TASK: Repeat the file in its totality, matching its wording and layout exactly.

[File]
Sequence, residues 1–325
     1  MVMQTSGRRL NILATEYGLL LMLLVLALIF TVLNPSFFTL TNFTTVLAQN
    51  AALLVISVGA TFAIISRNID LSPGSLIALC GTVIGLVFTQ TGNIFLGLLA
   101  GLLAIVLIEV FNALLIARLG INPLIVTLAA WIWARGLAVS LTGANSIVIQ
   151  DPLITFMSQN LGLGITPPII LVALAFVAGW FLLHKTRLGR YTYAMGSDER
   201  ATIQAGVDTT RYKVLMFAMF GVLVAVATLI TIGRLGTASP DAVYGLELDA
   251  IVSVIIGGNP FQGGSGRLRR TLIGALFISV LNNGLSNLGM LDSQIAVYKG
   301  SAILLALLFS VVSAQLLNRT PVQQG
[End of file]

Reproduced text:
Sequence, residues 1–325
     1  MVMQTSGRRL NILATEYGLL LMLLVLALIF TVLNPSFFTL TNFTTVLAQN
    51  AALLVISVGA TFAIISRNID LSPGSLIALC GTVIGLVFTQ TGNIFLGLLA
   101  GLLAIVLIEV FNALLIARLG INPLIVTLAA WIWARGLAVS LTGANSIVIQ
   151  DPLITFMSQN LGLGITPPII LVALAFVAGW FLLHKTRLGR YTYAMGSDER
   201  ATIQAGVDTT RYKVLMFAMF GVLVAVATLI TIGRLGTASP DAVYGLELDA
   251  IVSVIIGGNP FQGGSGRLRR TLIGALFISV LNNGLSNLGM LDSQIAVYKG
   301  SAILLALLFS VVSAQLLNRT PVQQG